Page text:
Help My Commercial Refrigerator is Slow Cooling

Commercial Refrigeration
By Pat Finley – Master Certified Lead Technician

We at General Parts Group receive a lot of calls from customers saying that they have a refrigerated unit that is cooling slowly. Obviously, the customer has noticed that their unit is taking an extended period of time to bring product down to temperature, but why?

Here are a few of the things that can cause a commercial refrigerator unit to “slow cool”.

Firstly, is the environment the equipment is in.

If you have a reach-in-cooler in a stock area or kitchen without air conditioning running, it can cause issues. The unit is only designed and rated to work in a certain temperature environment. If the temperature gets above that rating, the unit will struggle to maintain temperature. The insulation of the box is only rated for a certain R factor, and may not be able to keep out the extra heat load. Higher temperatures equal higher refrigerant pressures and can cause the unit to not operate at peak performance. Also, I have seen direct sunlight affect cooling capabilities on open air coolers or grab-and-go units. The product absorbs the UV rays from the sun, and it heats them up, then the unit struggles to pull the heat out of the product.

Next, let’s talk about the cleanliness of the unit.

Condensing coils are a vital part of the system. If your coil is dirty, plugged with grease, or a layer of cottonwood, it will struggle. The coil cannot condense the superheated gas into a liquid, and there for, the unit will not cool properly. When the coils are blocked, it drives head pressure up and can cause severe and expensive damage to your system. Also, if the condensing fan is not running, it will also cause high pressures, poor cooling and eventually permanent damage. Evaporator fans and coils are also susceptible to air flow problems. Do not block the inlet or outlet to your evaporator coil with pans, boxes or other products. Also, make sure these fans have not sucked up any plastic wrap, foil, or anything else which might cause an obstruction.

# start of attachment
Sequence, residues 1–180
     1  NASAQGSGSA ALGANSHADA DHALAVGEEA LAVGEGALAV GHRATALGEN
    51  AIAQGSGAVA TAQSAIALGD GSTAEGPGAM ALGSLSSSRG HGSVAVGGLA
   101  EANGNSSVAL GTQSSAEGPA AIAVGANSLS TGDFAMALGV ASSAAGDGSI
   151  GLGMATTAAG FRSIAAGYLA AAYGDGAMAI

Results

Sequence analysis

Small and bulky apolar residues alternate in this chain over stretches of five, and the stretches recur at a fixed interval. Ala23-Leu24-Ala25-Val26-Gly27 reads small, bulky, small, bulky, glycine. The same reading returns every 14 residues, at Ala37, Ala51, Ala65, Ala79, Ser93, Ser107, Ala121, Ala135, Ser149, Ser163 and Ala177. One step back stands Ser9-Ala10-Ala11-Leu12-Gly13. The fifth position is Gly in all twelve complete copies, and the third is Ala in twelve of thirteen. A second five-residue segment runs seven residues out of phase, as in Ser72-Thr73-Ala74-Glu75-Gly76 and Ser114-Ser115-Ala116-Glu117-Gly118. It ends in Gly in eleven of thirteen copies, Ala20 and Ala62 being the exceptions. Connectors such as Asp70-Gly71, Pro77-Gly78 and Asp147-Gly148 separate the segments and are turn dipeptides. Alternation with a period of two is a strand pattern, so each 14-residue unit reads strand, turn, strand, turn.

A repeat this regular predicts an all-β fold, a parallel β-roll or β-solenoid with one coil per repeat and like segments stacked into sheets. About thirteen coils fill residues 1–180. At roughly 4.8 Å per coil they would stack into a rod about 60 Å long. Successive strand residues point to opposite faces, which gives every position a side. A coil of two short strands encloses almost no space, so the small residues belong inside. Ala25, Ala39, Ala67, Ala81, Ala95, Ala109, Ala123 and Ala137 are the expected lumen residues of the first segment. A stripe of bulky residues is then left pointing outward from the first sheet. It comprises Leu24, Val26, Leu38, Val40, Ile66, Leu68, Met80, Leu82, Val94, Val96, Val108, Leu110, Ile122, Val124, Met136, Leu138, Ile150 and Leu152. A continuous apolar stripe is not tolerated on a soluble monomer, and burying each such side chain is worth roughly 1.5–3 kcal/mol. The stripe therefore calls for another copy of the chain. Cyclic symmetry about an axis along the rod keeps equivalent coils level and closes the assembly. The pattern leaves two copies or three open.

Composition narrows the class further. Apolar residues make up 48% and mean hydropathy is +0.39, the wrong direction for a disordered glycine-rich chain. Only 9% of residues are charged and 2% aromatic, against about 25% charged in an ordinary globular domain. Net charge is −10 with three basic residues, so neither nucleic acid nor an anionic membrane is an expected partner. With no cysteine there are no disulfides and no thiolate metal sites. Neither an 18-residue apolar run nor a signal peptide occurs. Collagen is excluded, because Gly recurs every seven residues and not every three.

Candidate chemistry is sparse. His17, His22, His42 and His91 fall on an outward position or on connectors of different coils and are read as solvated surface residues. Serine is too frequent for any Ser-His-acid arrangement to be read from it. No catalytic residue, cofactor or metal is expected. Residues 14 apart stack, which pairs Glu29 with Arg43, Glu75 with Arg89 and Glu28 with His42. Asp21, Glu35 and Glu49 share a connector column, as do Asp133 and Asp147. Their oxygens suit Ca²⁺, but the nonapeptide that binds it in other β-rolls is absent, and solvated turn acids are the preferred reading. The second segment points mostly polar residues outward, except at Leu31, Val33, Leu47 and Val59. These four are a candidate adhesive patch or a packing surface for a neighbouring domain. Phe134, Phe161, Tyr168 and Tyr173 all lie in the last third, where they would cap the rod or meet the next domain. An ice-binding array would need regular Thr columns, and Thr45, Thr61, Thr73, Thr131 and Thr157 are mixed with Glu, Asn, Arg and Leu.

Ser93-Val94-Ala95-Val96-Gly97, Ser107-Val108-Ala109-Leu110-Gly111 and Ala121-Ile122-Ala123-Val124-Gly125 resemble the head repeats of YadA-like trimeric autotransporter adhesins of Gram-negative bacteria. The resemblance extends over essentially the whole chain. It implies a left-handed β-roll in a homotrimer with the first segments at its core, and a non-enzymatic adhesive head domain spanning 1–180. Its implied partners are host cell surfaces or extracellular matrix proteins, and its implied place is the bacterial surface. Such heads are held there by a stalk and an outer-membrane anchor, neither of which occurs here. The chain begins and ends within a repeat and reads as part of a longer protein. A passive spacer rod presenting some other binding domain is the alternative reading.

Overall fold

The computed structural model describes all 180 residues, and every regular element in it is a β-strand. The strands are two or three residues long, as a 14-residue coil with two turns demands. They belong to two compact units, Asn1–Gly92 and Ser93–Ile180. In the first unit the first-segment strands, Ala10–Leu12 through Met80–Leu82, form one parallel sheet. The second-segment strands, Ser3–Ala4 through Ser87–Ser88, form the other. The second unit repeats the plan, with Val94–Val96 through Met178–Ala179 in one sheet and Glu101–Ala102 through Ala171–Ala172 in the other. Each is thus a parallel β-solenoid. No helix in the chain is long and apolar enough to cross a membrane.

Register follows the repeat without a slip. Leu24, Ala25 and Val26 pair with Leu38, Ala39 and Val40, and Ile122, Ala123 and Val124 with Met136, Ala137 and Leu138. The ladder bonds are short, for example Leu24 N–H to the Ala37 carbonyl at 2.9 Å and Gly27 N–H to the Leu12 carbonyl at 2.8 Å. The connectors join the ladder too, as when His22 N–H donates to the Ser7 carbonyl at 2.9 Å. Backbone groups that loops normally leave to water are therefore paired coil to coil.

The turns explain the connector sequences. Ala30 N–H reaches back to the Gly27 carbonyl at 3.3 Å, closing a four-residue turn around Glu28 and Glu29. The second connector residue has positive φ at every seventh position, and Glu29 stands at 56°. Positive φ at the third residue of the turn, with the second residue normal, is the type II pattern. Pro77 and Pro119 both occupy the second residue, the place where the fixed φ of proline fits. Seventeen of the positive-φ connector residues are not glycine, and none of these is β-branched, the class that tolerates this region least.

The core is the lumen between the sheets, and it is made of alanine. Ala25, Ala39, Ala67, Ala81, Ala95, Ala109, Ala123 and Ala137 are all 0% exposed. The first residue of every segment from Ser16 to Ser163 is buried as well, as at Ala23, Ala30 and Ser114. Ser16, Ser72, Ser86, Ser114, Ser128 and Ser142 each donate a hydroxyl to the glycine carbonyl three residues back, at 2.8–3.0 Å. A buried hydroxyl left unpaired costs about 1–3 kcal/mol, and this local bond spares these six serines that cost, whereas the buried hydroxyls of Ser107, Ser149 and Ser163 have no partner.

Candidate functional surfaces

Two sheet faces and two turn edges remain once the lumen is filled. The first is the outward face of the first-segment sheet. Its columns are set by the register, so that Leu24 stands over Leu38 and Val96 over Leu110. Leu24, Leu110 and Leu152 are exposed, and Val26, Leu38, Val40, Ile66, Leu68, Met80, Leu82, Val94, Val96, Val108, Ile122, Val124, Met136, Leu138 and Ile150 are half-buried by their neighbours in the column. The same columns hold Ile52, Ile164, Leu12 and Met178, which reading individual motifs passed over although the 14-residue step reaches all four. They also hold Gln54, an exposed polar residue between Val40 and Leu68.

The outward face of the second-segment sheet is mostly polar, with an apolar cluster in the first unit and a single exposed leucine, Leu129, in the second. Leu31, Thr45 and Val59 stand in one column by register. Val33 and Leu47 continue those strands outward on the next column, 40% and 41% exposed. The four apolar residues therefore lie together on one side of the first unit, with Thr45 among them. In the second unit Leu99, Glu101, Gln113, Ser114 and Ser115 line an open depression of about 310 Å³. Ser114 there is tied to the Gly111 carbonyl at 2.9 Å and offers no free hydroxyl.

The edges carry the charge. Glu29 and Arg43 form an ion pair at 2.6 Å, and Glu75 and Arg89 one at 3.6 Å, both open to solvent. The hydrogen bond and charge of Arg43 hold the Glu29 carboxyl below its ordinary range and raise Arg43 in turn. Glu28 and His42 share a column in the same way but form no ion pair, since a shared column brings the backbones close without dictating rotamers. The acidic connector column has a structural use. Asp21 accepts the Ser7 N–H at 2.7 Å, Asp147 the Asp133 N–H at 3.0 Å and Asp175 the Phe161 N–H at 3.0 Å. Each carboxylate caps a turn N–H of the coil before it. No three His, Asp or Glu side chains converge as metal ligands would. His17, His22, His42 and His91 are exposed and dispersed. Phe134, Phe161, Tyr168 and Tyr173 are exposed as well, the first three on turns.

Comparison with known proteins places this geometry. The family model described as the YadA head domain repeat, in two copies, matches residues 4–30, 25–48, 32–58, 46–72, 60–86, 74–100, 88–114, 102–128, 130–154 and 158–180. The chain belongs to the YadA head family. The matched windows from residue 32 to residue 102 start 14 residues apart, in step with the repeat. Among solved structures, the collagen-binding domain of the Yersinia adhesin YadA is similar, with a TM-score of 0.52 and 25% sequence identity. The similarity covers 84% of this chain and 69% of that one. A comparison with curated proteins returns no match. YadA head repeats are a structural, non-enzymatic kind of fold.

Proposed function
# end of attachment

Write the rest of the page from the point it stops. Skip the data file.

Lastly, unit design limitations.

Know your equipment and what it was designed to do. Most reach-in coolers and cold rails are not designed to bring hot product down to safe temperature range. They are designed to hold product that is already in the safe temperature zone and keep them there. For example, I have seen a full rack of hot pasta put into a walk-in cooler to cool it down, if the cooler was not designed for that purpose, it will be unable to cool as designed. Did you know that most of your frozen beverage dispensers are supposed to be filled with chilled product to aid in proper operation of the unit? If you dump 75-degree product in there, it will take much longer to freeze than if it was 36-degree product.

So, in a nutshell, as soon as you notice a unit is slow cooling, check your kitchen temperature and make sure nothing has been put inside the unit that is hot. Then check that your units’ fans are not obstructed and that the fans are running. If this all checks out and your unit is still cooling slowly then it is time to call your foodservice equipment service company.